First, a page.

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Dear Sox fans: Are you panicking?

Mookie Betts and the Sox have been struggling since spring training. (Photo courtesy of Michael Reaves/Getty Images)

Nick DeBella

Connector Contributor

The historic Boston Red Sox, who ended the 2018 season with a 103-59 win/loss record and a World Series title, would enter the new season with high expectations surrounding the young and aggressive roster. However, the reputation shrouding the team would not be indicative of what was to come of the first twelve games. These games could be described as inaccurate when pitching, hesitant when batting, and uncomfortable when fielding. Although not equal factors amongst each other, all serve in combination for explaining the slow start of a 3-9 win/loss record. But should we worry?

Last year’s World Series Champions began the 2019 baseball season on March 28 after a mediocre spring training session. Spring training is usually not reflective of the regular season, but it seemed to bleed into the opening series against the already 2-0 Seattle Mariners and even more into following series against the Oakland Athletics and Arizona Diamondbacks.

The starting pitching has caused the most amount of issues for the Red Sox so far-forcing them into difficult positions when trying to close out games. Without winning sessions from the starting pitching, our chances of having a successful game becomes very slim.

For a starting pitcher to receive a win on his record, he must pitch at least five innings and have a score lead at the end of his session, if the pitcher is taken off the mound before five innings, the win or loss could then be earned by a relief pitcher. As of April 10th, the Red Sox starting pitchers have a combined win/loss record of 0-8 with three starts from Chris Sale (9.00 ERA), two from Nathan Eovaldi (8.10 ERA), Rick Porcello (13.50 ERA), David Price (6.00 ERA), and Eduardo Rodriguez (12.38 ERA), and a single start from Hector Velazquez (3.12 ERA). As you can see, the earned run average [ERA] for each pitcher is extremely high with an exception from Hector Velazquez’s start.

The story for the majority of the first twelve games has been a strong first and second inning, followed by an inning or two where several runs would be given up by the pitching resulting in difficult comebacks and the eventual loss. Although our batters have been trying their best to keep up, the high ERAs would keep the Sox from taking any leads late into the game.

Looking at the three series, it’s easy to say that the cause for the rough start was having 11 consecutive away games. A trip like this is never easy when you aren’t given a chance to rest in-between games.

This week and a half long stretch of games got the Red Sox and its fans desperate for the big return to Fenway Park against the Toronto Blue Jays for the Home Opener. The strong start by Chris Sale instantly vanished as the Red Sox would let in two runs in the third-inning and another three in the fourth, giving the Blue Jays a 5-2 lead. During the bottom of the sixth inning, Mookie Betts hit a solo home-run over the Green Monster followed by an RBI double by third baseman Rafael Devers to keep it at a one-score game, giving Red Sox a sign of hope going into the final innings. Unfortunately, Toronto would hold onto their lead and end the game 7-5.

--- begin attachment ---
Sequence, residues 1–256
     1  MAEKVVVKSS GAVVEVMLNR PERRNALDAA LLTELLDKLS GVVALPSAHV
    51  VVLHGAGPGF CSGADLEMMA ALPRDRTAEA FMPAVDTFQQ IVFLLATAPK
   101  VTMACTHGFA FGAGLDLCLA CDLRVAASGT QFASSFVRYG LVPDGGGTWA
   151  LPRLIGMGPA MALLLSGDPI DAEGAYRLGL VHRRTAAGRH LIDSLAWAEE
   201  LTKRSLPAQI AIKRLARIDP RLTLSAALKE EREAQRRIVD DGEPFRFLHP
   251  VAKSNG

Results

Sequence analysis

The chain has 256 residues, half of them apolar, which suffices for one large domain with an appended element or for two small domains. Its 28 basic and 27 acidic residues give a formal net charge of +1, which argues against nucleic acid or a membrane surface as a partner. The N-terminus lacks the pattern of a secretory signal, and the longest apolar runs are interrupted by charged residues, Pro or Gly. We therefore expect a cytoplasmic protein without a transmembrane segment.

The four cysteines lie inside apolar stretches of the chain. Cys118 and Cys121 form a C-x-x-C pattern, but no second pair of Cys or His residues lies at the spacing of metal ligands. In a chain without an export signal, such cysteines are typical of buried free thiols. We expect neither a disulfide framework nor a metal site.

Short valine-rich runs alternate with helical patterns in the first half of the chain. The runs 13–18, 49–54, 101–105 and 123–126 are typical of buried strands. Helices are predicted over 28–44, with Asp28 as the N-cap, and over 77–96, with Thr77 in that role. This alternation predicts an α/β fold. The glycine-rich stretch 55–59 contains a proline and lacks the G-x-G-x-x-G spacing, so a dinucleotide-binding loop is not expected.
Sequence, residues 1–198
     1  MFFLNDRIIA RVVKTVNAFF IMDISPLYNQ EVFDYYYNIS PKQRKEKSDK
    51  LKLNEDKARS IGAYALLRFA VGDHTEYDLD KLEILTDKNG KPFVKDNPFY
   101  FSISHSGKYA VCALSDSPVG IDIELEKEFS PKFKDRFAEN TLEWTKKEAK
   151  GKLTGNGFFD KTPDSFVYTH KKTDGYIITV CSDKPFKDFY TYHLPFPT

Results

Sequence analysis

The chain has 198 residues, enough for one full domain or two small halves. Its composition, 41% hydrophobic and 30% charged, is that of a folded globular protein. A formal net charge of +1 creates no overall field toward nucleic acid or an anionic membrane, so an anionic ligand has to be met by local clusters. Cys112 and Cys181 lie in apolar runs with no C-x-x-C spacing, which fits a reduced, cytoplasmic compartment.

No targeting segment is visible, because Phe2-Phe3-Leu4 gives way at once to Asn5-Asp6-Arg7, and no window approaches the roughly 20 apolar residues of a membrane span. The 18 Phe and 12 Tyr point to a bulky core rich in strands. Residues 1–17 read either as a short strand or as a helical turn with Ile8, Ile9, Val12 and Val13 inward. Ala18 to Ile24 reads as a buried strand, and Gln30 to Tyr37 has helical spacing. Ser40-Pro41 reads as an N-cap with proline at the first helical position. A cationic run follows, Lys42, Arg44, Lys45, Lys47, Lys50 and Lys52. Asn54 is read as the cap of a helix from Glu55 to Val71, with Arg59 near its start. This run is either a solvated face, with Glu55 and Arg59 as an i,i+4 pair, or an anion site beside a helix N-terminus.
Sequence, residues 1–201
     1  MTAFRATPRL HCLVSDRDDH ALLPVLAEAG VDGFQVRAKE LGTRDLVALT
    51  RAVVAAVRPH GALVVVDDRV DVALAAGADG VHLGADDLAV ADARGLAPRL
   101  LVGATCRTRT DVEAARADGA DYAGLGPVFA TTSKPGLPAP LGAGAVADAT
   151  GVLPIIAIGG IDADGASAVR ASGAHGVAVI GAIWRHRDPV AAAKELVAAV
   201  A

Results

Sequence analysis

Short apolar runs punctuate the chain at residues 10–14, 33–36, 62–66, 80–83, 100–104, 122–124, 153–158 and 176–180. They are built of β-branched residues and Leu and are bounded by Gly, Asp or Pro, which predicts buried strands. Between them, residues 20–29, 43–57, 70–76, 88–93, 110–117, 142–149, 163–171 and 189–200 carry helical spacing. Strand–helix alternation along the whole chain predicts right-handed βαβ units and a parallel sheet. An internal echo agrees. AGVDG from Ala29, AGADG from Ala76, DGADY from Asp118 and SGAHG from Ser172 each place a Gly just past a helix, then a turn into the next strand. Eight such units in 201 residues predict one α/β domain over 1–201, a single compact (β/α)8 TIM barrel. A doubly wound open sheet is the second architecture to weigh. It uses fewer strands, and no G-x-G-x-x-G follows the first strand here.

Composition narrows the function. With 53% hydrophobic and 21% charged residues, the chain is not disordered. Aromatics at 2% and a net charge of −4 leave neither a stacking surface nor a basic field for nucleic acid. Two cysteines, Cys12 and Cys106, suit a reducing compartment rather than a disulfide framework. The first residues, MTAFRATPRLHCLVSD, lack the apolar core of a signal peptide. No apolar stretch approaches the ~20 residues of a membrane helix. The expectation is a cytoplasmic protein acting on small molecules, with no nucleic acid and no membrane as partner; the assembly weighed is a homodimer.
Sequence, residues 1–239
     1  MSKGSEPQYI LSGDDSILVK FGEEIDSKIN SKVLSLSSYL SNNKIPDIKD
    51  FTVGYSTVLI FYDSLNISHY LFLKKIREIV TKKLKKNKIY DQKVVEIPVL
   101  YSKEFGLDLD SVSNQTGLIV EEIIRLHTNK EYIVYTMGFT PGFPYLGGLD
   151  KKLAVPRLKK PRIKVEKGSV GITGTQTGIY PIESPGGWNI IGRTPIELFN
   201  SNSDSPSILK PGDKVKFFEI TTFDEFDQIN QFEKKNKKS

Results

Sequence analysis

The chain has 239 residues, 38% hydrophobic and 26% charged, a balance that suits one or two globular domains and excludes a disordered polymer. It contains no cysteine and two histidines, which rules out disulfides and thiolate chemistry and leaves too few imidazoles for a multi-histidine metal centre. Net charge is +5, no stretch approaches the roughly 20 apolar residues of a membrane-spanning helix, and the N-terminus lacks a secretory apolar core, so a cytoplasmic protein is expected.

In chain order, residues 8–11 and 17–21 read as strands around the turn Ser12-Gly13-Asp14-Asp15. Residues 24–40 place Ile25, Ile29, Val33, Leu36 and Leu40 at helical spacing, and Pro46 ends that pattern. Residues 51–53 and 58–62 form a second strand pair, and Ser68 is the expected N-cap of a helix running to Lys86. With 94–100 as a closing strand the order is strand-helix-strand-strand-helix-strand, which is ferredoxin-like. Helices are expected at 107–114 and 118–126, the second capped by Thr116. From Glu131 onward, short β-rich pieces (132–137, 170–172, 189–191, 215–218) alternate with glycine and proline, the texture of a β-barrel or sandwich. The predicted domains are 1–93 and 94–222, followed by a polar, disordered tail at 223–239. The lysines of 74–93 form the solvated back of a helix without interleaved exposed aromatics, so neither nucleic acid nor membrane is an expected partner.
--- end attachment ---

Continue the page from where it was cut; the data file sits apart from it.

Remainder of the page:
When asked in a post-game interview presented by NESN, Chris Sale said, “It wasn’t us not playing well, this was me sucking today. That’s frustrating because this was the day we were going to turn it around… everyone did what they had to do except me…But I’ll find it.”

Sale continues in a defeated but relaxed tone summarizing the pitching issue hindering the Red Sox and taking most of the blame and reassuring fans that he is fine and healthy.

Manager Alex Cora said, “I pay attention to details, and right now we are not paying attention to details, and that’s on us, that’s on me… It gets to the point where we have to keep teaching the game.”

It’s clear here that the Red Sox understand their issues and are trying their best to fine tune what they have. Although reflective of last year, this is not the same caliber of team that we witnessed last season. It will be important over the next few games to see strong pitching and how it guides the rest of the roster and results.

We shouldn’t panic yet, but it is key for the Sox to establish momentum within the next fifteen games if they want to remain a competitor in the American League East.

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